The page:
Leia: Feminist Icon or Sexist Trope? When I was a young girl, Star Wars was my favorite movie. I’ve watched it more times than any other film. Premiering in 1977, the same year I was born, the epic sci-fi space opera irrevocably changed the movie industry. Beyond battle scenes, or the twist of Vader being Luke’s father, it impacted my childhood. In the Star WarsTrilogy, Princess Leia Organa of Alderaan (Carrie Fisher) was a member of the Imperial Senate, a diplomat and a spy for the Rebel Alliance. When I was 7, my mom sewed a Princess Leia costume for me for Halloween. Looking back, why did Leia have to be a princess? In the very first scenes of Star Wars, we see Leia shoot a laser gun. Princess Leia:Governor Tarkin, I should have expected to find you holding Vader’s leash. Even after she’s tortured by Vader, she refuses to reveal the location of the Rebel Base. When Luke Skywalker, Han Solo and Chewbacca stage a rescue, Leia isn’t automatically obsequious. Leia gets rescued. Now, I love Star Wars.

Disney Buys Star Wars: A New Hope for Women and Girls Last week, one of the only news items to penetrate the horrifying coverage of Hurricane Sandy’s devastation and the nerve-wracking anticipation for the US Elections was the surprising, perplexing, but exciting news that Disney was buying Lucasfilm and planning to release Star Wars Episode VII in 2015. It was like a shot of adrenaline to this weary geek’s heart. The Five Stages of Disney’s Buyout of Lucasfilm: 1) Denial. 2) Angst. 3) Cautious optimism. 4) Futility. 5) Resignation.— Eric S. Donaldson (@EricJokes) October 31, 2012 Like every geek, I’m riding the wave of emotions that comes with this news, with renewed “no, there is another” hope for new GOOD Star Wars movies, and anxiety that those hopes will be dashed yet again (I mean, think about what the word “Disneyfication” means.) The Opportunity for Women to Take Creative Control of Star Wars But what I always find interesting is when you take the areas of writing, producing and directing.

Why "fun feminism" should be consigned to the rubbish bin What is feminism? A political movement to overthrow male supremacy, according to us radicals. These days, however, young women (and men) are increasingly fed the line from "fun feminists" that it is about individual power, rather than a collective movement. Caitlin Moran, whose best-selling book has made her into one of the country's best-known fun feminists, is an apologist for porn and wasted an opportunity during a feminist debate on Newsnight to joke about cardigans. We need to bring back the radical edge to feminism, and do away with any notion that slutwalking, lap dancing, sex working or Burkha-wearing is liberation for women. I am tired of being told by so-called third-wavers that my feminism is fascist, old hat, irrelevant and man hating. These "fun feminists", who have little or no idea about the theory or practice of this movement, take advantage of the benefits that radicals have fought long and hard for, whilst contributing nothing. "Fun feminism" isn't feminism at all.

The battle against 'sexist' sci-fi and fantasy book covers Science fiction and fantasy novels routinely portray scantily clad woman on their covers - a device that draws the heterosexual male eye but may turn away women readers. Lynsea Garrison finds one fantasy author aiming to zap gender stereotypes. Jim Hines straddles the remnants of a defeated alien species (a table), and clasps a pistol (a toy gun) as he triumphantly raises a cyborg's head (a toaster). Sometimes he fights battles alongside his romantic interest (a large teddy bear). But no matter the mission, Hines shows some flesh. Just because he is waging a war, it does not mean he cannot be alluring at the same time, right? Hines, a fantasy author, is posing like some of the female characters on science fiction and fantasy book covers he says objectify women. He gets into character by twisting his body into the same contorted positions as the female characters on the books. "The way women are portrayed is just so ridiculous, so often, you just stop seeing it," Hines says.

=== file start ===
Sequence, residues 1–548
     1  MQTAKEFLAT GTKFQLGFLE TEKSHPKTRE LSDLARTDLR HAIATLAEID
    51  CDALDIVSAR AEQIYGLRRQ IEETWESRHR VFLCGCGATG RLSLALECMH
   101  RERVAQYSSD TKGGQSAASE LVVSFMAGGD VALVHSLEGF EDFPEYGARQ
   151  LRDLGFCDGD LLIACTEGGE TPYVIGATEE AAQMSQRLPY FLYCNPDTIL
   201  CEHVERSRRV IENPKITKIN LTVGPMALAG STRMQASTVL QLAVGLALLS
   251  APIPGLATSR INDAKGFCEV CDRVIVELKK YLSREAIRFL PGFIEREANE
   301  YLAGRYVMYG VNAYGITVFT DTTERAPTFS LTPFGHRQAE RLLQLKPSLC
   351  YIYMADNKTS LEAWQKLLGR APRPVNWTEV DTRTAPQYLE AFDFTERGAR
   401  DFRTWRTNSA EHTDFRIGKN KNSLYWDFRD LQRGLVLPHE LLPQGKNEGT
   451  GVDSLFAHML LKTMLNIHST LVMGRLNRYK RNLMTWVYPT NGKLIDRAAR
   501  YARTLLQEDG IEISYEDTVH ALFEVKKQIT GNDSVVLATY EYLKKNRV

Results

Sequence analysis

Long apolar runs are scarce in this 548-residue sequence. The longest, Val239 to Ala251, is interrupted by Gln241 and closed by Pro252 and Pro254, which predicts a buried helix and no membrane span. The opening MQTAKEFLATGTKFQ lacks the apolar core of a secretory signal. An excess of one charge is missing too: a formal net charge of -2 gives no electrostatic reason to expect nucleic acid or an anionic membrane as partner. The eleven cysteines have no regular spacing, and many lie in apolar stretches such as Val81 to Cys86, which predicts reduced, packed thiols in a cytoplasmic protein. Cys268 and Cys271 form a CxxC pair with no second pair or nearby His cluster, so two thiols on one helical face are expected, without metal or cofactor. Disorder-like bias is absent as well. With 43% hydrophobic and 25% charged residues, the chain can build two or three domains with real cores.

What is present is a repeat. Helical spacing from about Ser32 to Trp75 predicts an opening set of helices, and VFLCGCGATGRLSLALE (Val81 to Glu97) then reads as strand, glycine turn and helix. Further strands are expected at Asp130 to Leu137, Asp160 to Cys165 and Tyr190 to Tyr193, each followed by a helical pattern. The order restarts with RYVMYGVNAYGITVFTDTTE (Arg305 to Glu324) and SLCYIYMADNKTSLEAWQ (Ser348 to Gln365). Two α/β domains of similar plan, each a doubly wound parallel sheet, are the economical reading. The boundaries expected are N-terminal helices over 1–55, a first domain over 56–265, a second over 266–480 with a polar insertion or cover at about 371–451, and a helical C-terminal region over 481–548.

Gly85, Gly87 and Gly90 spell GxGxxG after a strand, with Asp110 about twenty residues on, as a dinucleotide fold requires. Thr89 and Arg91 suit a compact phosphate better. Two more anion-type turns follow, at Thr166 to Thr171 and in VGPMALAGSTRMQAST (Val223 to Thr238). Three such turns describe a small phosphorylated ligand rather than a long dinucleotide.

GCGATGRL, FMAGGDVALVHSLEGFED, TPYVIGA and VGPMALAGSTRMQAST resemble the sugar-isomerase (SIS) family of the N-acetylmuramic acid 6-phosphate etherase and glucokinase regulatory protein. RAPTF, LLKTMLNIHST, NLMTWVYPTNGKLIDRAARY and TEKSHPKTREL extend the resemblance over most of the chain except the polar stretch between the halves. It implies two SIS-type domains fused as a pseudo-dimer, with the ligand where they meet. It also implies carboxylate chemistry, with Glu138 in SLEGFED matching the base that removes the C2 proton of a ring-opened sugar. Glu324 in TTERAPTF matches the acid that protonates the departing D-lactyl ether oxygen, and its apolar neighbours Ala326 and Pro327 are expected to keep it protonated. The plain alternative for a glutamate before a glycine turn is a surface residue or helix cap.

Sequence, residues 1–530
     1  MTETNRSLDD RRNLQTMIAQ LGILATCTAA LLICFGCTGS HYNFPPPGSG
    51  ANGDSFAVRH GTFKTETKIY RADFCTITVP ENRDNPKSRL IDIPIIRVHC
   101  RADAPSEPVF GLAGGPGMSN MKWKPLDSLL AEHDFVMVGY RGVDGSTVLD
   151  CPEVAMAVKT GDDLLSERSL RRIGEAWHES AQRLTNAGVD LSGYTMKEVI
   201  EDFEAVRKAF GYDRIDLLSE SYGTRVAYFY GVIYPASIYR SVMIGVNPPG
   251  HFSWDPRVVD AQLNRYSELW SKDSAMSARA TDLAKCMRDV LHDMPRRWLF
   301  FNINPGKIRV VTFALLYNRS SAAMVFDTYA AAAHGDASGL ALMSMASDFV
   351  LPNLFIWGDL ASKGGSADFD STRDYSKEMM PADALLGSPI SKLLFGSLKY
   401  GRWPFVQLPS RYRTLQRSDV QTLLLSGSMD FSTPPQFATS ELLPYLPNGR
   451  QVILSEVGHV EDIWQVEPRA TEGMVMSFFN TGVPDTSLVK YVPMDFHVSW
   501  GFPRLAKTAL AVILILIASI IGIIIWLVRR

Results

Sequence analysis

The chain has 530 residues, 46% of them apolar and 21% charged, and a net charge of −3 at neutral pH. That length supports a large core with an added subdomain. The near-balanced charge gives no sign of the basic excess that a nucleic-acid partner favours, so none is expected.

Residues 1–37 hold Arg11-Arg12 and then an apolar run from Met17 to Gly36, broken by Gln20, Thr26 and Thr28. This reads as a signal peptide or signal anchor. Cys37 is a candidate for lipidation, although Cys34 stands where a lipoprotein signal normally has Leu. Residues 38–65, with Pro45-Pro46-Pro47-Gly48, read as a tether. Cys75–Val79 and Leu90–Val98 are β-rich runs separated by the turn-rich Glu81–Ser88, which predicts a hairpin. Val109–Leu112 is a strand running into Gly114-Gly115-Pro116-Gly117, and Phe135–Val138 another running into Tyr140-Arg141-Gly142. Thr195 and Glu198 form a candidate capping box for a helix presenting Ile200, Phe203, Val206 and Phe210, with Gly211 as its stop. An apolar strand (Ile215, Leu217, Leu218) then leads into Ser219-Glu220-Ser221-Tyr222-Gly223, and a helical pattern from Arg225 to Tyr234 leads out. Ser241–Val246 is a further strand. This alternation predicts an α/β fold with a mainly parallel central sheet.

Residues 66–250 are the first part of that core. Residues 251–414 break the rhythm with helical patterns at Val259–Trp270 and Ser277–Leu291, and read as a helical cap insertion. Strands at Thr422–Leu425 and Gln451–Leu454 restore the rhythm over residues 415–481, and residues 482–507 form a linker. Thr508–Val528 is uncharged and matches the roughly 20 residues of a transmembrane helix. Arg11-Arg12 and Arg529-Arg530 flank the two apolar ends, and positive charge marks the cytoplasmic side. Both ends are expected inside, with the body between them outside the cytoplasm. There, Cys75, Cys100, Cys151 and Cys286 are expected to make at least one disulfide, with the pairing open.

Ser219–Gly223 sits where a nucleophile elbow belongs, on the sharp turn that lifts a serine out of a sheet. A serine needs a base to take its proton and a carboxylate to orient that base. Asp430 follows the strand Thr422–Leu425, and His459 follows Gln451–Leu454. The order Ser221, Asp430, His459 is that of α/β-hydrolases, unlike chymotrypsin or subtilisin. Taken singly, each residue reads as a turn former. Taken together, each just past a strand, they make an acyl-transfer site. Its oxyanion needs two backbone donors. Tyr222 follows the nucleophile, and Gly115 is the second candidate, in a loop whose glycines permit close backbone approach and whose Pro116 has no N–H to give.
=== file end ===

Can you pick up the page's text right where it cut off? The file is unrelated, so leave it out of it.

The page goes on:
New Book Cover For Sylvia Plath's 'The Bell Jar' Stirs Sexism Debate (VOTE) - The Huffington Post By now you may have heard about publisher Faber's new book cover for The Bell Jar, and the fact a lot of people aren't exactly thrilled with it. The new sleeve, below, features a young woman applying makeup in a small mirror and was released to mark the 50th anniversary of Sylvia Plath's semi-autobiographical novel. Most of the criticism has came from people who feel Faber have made The Bell Jar look like just another piece of 'chick-lit', and in doing so have trivialised a classic piece of modern fiction. Feminist blog Jezebel raged: "For a book all about a woman's clinical depression that's exacerbated by the suffocating gender stereotypes of which she's expected to adhere and the limited life choices she has as a woman, it's pretty … stupid to feature a low-rent retro wannabe pinup applying makeup." What do you think? Have you say below.

Hathaway hate theories: Do women dislike girlish women because we hate girls? Photo by Adrian Sanchez-Gonzalez/AFP/Getty Images Sasha Weiss of The New Yorker has the latest entry in the seemingly endless rounds of backlash against Anne Hathaway. It is strange enough that it won’t get lost in the mix, a credo that ends up insulting the actress Weiss purports to defend. Weiss proposes that Hathaway is disliked because she acts like a little girl, and Americans have an irrational hatred of little girls. She describes Hathaway as resembling "a nine-year-old girl about to dig into a big slice of birthday cake" and, evoking the 1994 best-seller Reviving Ophelia, construes this prepubescent era as "a small window of time when girls have that mien of utter at-homeness in the world." Amanda Marcotte is a Brooklyn-based writer and DoubleX contributor. Follow Let’s take a quick survey of the people who were applauded for their red-carpet performances. But grown women? Is that what's driving the backlash against Anne Hathaway?

Fifty Shades of Feminism needs you! - Virago Books